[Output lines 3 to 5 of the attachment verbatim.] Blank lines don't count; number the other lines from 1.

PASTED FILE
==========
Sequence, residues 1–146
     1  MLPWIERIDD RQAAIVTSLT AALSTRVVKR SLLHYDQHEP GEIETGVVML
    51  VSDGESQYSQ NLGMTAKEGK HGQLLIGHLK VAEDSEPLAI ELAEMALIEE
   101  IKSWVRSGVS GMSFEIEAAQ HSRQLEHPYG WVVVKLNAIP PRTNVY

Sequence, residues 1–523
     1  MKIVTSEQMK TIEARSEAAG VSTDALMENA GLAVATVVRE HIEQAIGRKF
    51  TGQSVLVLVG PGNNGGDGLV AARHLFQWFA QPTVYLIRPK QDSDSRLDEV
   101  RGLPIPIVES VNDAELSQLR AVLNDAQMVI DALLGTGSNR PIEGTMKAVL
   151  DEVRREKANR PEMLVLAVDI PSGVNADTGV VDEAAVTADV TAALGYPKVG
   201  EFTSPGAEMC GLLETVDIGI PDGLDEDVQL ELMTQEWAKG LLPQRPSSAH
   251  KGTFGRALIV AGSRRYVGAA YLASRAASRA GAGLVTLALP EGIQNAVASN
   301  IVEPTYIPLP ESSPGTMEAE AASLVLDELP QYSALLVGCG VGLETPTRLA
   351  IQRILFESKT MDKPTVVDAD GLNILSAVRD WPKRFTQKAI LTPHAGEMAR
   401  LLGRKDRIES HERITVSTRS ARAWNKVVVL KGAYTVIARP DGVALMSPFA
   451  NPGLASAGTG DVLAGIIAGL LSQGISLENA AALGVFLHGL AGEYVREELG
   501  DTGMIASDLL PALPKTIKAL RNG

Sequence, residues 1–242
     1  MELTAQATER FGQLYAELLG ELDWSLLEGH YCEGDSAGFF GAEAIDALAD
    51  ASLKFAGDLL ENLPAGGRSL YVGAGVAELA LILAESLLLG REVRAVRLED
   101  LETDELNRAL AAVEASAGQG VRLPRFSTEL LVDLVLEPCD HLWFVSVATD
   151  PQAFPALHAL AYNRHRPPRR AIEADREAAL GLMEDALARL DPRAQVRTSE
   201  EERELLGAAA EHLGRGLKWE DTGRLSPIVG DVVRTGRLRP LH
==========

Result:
    51  VSDGESQYSQ NLGMTAKEGK HGQLLIGHLK VAEDSEPLAI ELAEMALIEE
   101  IKSWVRSGVS GMSFEIEAAQ HSRQLEHPYG WVVVKLNAIP PRTNVY

Sequence, residues 1–523